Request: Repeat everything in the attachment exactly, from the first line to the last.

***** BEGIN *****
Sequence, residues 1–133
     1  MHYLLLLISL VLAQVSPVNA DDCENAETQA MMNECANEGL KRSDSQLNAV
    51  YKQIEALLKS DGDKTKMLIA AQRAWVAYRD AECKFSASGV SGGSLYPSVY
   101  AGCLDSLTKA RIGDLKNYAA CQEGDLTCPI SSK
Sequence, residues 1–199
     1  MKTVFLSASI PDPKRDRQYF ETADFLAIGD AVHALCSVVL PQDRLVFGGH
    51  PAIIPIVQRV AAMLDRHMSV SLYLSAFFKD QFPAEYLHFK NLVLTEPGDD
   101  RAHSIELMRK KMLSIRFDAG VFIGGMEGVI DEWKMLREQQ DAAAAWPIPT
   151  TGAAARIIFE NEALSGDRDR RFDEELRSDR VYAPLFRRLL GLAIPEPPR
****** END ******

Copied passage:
Sequence, residues 1–133
     1  MHYLLLLISL VLAQVSPVNA DDCENAETQA MMNECANEGL KRSDSQLNAV
    51  YKQIEALLKS DGDKTKMLIA AQRAWVAYRD AECKFSASGV SGGSLYPSVY
   101  AGCLDSLTKA RIGDLKNYAA CQEGDLTCPI SSK
Sequence, residues 1–199
     1  MKTVFLSASI PDPKRDRQYF ETADFLAIGD AVHALCSVVL PQDRLVFGGH
    51  PAIIPIVQRV AAMLDRHMSV SLYLSAFFKD QFPAEYLHFK NLVLTEPGDD
   101  RAHSIELMRK KMLSIRFDAG VFIGGMEGVI DEWKMLREQQ DAAAAWPIPT
   151  TGAAARIIFE NEALSGDRDR RFDEELRSDR VYAPLFRRLL GLAIPEPPR